And it’s a constant struggle with many, many deep flaws including disgraceful sedition laws but if Egypt can emulate India’s system then I’d be delighted.

Yeah, it’s not easy and it comes at a price. But it’s possible. Democracy cannot just be a first-world luxury.

I haven’t been to India, so I can’t say. Certainly, I’d hope that you’re right. I wasn’t aware that corruption was a large part of Indian life. I’d always presumed that their success was due to the aftereffects of British control.

Well, the Egyptians will first have to jettison tribalism and religion-based laws so… probably not. Or at least not any time soon.

Well aren’t you guys depressing!

Allow me to rephrase the 2nd part of my question. Imagine the Egyptian Government asked you to consult with them as they drafted their constitution. (I believe this really happens when a new country is drafting a constitution- since I saw it once on the West Wing BTW). So Egypt calls you in and they start with a almost identical copy of the US constitution and ask: “In very general terms, are there any major items you would suggest we change?”

What would you say that might help avoid some of the US problems with deadlock and dufus issues?

You mean like Zimbabwe or Malaysia?

P.S: ready29003, I’m not certain countries that are drafting their constitution would go copy the US’s system. Case law systems are usually the last thing you’d want to import.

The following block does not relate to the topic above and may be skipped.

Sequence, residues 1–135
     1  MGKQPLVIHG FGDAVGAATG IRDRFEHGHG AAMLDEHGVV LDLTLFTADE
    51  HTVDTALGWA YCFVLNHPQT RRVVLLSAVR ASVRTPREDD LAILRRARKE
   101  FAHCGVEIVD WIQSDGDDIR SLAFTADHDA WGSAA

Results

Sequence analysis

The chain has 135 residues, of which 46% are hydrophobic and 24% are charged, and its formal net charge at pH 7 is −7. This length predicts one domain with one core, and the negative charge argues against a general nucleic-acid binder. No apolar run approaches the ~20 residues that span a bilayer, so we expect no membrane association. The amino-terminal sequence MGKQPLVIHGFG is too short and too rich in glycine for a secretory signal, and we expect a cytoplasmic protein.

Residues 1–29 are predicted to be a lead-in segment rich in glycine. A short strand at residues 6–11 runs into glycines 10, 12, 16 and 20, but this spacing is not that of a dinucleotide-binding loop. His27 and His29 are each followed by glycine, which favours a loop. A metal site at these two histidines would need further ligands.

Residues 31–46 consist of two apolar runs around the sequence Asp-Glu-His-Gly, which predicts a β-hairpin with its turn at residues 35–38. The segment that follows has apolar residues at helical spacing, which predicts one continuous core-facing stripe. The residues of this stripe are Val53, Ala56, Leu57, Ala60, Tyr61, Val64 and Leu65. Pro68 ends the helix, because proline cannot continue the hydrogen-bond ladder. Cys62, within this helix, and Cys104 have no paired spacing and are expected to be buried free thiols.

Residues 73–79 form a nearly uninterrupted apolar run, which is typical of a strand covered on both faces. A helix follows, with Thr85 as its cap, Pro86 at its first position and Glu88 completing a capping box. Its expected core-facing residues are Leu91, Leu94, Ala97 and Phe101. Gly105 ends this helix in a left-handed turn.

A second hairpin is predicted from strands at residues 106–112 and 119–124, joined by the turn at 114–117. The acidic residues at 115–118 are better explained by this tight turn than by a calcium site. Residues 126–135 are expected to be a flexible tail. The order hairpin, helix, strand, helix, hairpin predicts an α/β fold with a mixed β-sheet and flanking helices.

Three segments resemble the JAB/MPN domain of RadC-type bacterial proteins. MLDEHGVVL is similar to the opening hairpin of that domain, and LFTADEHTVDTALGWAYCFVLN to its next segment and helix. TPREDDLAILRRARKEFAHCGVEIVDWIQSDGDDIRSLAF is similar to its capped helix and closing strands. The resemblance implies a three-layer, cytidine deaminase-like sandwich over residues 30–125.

Honestly, I’d have to study up on Egypt for 3-6 months before even thinking to offer an opinion. And even then I’d still say that it comes down to finding someone to lead it all. The US Constitution succeeded because it took into account the issues of the US at that time and place. But it also succeeded because influential Americans were actively promoting it all around the country, and drove into the heads of the general public the issues that were at hand, and why this solved it for them. Then it also had George Washington at the top, who everyone trusted and whom, it ended up, was trustworthy enough to actually stand down at the end of his term. Getting a nicely written up set of goals is only 1/3rd of the battle. The last 1/3rd – finding an ultimate leader – is damned difficult, as the US’s history in finding someone to champion indicates. The second 1/3rd – getting a strong local following and rational, internal debate and support – is something that has to come from within.

Like Hong Kong and Gibraltar.

It’s a mixed bag, but the British Empire did alright by some of its colonies – something that can’t be said of any of the other nations in Europe.

Some former British colonies are doing very well. Others are a hot mess. I might agree that former British colonies are doing better on average than former French, Dutch, German, or Italian colonies, but I don’t think that former colonial status is a very good predictor of current stability.

Nevertheless, I agree that if Egypt could rise to the level of corruption, religious strife, and poverty that India currently enjoys, I’d count it a win. India’s not perfect, but the government is freer and more democratic than many.

Honk Kong and Gibraltar never were countries. And you want to compare that to India, which has by itself the pop of a continent?

Most of the former British colonies are in as bad a state as most former colonies, period. To think that India:
1)doesnt have major corruption problems
2)can only “fare well” because dem good old Brits showed them how to properly run a country is eye rolling material.

Where did I say that the British showed them how to do it? Hitler was a big force in the creation of the anti-war movement. Doesn’t mean he was Gandhi.